Why do I feel so SAD?

The Doc’s Corner

Why do I feel so SAD?

Have you or someone you know experienced feelings of irritability, low energy, appetite changes, weight gain and problems getting along with others during the fall and winter months? If so, you could be experiencing a condition known as seasonal affective disorder (SAD) or “seasonal blues”. SAD is a form of depression that affects millions of people during the fall and winter months. This form of depression is often related to the changes in the seasons. People who suffer from SAD often experience symptoms of major depression such as feeling hopeless/worthless, low energy, changes in appetite, feelings of irritability and problems with sleep. In most cases, SAD symptoms appear during late fall or early winter and go away during the spring and summer when the weather is warmer and there is more sunlight.

While there is no known cause of SAD, a few factors are important to consider:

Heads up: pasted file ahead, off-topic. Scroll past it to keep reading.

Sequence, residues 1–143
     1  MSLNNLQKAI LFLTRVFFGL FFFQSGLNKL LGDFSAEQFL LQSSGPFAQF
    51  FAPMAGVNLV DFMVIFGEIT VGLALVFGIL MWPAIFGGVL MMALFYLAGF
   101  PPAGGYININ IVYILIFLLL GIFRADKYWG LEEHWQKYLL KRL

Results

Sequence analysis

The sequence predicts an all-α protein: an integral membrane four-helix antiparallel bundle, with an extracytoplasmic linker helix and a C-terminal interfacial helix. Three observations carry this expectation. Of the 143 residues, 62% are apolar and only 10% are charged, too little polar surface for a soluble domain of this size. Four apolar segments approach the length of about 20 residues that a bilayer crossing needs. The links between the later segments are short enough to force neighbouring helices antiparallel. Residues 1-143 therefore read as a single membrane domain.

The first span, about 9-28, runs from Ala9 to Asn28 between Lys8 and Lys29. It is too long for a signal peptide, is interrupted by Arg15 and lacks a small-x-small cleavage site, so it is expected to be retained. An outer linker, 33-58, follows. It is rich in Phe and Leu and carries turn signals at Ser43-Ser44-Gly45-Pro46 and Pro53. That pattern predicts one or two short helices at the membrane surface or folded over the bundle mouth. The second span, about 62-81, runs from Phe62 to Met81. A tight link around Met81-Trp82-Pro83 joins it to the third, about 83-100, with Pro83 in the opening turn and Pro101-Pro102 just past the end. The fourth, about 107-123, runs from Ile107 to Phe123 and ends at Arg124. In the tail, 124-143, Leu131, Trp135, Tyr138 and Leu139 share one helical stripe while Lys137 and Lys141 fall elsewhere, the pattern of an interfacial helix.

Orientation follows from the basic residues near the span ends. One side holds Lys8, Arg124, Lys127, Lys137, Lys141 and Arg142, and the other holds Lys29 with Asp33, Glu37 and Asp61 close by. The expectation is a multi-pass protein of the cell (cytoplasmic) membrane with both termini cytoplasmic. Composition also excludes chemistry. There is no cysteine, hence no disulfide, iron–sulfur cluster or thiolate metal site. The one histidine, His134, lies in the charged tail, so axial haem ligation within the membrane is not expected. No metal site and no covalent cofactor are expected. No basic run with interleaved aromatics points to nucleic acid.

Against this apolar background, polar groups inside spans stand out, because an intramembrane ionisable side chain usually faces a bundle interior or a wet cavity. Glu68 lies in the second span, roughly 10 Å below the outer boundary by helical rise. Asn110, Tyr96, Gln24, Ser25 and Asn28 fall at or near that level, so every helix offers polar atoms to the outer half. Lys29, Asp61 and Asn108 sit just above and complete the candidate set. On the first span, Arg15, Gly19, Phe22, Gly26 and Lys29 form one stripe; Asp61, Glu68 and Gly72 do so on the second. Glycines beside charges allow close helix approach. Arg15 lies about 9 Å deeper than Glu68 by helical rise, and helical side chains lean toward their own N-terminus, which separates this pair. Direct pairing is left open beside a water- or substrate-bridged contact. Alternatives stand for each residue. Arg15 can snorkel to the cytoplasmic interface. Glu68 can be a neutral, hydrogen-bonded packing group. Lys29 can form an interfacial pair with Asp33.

1) Your biological clock- the decrease in sunlight in the fall and winter months can disrupt the body’s internal working clock and lead to feelings of depression.

2) Serotonin levels- low levels of serotonin (brain chemical) can affect mood leading to SAD.

3) Melatonin levels- the change in the season can disrupt the balance of the body’s level of melatonin which can affect sleep patterns and mood.

SAD disorder is often seen in more females than males and younger people are at a higher risk of developing SAD than older people. Individuals with a family history of SAD disorder or other depressive disorders are also at a higher risk. Treatment for SAD includes psychotherapy, phototherapy (light therapy) and medication.

For more information on SAD and treatment:

http://www.helpguide.org/articles/depression/seasonal-affective-disorder-sad.htm

http://www.depressioncenter.org/health-professionals/downloads/clinicianresources-sad.pdf

http://psychcentral.com/resources/Depression/Seasonal_Affective_Disorder/

Reference

Seasonal-affective disorder. American Psychiatric Association. http://www.psychiatry.org/seasonal-affective-disorder. Accessed November 30, 2015.

Recent Posts